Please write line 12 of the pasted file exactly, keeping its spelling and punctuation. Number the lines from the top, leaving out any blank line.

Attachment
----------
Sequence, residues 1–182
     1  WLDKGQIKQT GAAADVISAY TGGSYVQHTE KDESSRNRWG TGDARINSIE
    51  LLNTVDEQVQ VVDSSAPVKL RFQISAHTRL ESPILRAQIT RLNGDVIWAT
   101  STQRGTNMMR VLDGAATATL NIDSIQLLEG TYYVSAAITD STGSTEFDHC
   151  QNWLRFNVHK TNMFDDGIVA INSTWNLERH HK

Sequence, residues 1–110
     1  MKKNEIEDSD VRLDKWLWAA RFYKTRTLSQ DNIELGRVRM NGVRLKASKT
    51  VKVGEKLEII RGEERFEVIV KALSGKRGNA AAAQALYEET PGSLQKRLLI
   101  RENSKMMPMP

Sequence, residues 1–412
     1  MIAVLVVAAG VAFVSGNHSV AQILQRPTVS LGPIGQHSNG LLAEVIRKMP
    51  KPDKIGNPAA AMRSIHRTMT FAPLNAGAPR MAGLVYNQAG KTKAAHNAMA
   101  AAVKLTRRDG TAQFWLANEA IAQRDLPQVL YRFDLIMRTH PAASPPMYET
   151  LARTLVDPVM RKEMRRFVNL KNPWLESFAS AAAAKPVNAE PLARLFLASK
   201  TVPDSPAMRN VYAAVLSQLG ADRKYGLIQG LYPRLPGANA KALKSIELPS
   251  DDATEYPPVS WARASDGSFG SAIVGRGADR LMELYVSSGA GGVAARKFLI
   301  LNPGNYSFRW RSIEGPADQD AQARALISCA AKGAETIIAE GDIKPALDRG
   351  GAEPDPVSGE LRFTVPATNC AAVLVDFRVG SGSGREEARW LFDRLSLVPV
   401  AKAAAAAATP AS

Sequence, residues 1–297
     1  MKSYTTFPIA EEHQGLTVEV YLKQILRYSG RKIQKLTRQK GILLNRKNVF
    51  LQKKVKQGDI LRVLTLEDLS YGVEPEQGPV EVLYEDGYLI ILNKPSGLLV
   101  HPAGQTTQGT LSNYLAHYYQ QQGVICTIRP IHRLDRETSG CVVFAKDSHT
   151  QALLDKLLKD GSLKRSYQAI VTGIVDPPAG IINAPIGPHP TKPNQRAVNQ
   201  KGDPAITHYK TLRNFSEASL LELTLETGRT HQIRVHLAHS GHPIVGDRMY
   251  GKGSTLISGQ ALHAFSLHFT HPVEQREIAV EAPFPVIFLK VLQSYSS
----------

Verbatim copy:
    51  KPDKIGNPAA AMRSIHRTMT FAPLNAGAPR MAGLVYNQAG KTKAAHNAMA